Being a young mother can affect one's education. Teen mothers are more likely to drop out of high school.[7] One study in 2001 found that women who gave birth during their teens completed secondary-level schooling 10-12% as often and pursued post-secondary education 14-29% as often as women who waited until age 30.[47]

Young motherhood can affect employment and social class. The correlation between earlier childbearing and failure to complete high school reduces career opportunities for many young women.[7] One study found that, in 1988, 60% of teenage mothers were impoverished at the time of giving birth.[48] Additional research found that nearly 50% of all adolescent mothers sought social assistance within the first five years of their child's life.[7] A study of 100 teenaged mothers in the United Kingdom found that only 11% received a salary while the remaining 89% were unemployed.[49] Most British teenage mothers live in poverty, with nearly half in the bottom fifth of the income distribution.[50]

One-fourth of adolescent mothers will have a second child within 24 months of the first. Factors that determine which are more likely to have a closely-spaced repeat birth include marriage and education: the likelihood decreases with the level of education of the young woman – or her parents – and increases if she gets married.[51]

There is evidence in the U.S. that with emotional and practical support – for example, good access to education and childcare – teenage mothers can catch up by the age of 30 with the average outcomes for their age group and social-economic background. In the UK, researchers have found that if you compare teenage mothers with other girls with similarly deprived social-economic profiles, bad school experiences and low educational aspirations, the difference in their respective life chances is negligible.[52]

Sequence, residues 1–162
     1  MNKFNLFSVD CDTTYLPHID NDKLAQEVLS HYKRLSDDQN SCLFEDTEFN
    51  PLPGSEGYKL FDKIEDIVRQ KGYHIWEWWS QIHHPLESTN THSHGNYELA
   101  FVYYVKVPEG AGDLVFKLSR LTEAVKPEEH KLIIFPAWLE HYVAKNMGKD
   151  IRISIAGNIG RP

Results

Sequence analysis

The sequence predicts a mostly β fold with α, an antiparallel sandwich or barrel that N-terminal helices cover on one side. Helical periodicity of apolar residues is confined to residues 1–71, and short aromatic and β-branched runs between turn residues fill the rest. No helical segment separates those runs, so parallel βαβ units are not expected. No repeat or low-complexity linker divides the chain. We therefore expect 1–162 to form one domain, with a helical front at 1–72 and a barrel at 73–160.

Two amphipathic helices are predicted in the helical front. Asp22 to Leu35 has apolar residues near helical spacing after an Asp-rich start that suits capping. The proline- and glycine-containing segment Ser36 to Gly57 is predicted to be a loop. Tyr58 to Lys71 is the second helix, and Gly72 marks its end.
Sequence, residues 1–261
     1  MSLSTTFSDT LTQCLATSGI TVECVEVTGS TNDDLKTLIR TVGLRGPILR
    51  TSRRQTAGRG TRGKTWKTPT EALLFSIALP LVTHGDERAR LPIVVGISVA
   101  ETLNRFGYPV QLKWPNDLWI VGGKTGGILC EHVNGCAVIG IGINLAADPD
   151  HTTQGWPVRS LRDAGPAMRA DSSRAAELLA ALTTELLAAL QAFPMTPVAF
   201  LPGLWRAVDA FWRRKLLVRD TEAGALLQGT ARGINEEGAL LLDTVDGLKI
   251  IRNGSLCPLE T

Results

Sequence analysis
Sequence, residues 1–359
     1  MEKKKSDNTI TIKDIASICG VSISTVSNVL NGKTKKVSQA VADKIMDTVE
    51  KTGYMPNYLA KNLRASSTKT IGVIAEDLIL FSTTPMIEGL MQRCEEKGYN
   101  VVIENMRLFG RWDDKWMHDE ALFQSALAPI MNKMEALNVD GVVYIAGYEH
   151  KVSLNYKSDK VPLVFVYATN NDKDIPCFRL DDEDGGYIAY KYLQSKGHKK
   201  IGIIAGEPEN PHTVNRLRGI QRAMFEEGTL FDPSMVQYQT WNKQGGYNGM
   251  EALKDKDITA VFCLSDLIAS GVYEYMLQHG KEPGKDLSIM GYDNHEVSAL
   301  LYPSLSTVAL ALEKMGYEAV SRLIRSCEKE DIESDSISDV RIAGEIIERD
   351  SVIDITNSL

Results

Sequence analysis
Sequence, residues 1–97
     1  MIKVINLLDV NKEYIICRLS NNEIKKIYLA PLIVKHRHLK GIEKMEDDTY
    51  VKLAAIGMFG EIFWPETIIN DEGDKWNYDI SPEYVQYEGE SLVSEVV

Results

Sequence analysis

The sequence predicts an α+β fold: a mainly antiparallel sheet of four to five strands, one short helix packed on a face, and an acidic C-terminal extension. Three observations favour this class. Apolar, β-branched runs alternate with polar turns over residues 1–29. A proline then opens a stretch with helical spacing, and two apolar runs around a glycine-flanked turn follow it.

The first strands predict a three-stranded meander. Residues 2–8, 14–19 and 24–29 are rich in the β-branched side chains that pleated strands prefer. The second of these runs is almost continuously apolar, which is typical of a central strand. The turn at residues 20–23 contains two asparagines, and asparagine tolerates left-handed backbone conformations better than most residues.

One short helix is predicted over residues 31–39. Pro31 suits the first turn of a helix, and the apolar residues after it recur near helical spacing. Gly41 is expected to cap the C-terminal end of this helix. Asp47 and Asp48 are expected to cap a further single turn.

Impact on the childEdit

Early motherhood can affect the psychosocial development of the infant. The occurrence of developmental disabilities and behavioral issues is increased in children born to teen mothers.[53][54] One study suggested that adolescent mothers are ho's and verbal communication, or to be sensitive and accepting toward his or her needs.[53] Another found that those who had more social support were less likely to show anger toward their children or to rely upon punishment.[55]

Poor academic performance in the children of teenage mothers has also been noted, with many of them being more likely than average to fail to graduate from secondary school, be held back a grade level, or score lower on standardized tests. [7] Daughters born to adolescent parents are more likely to become teen mothers themselves.[32][7] A son born to a young woman in her teens is three times more likely to serve time in prison.[56]

Impact on other family membersEdit

Teen pregnancy and motherhood can have an influence upon younger siblings. One study found that the little sisters of teen mothers were less likely to place emphasis on the importance of education and employment and more likely to accept sexual initiation, parenthood, and marriage at younger ages; little brothers, too, were found to be more tolerant of non-marital and early births, in addition to being more susceptible to high-risk behaviors.[57] An additional study discovered that those with an older sibling who is a teen parent often end up babysitting their nieces and nephews and that young girls placed in such a situation have an increased risk of getting pregnant themselves.[31]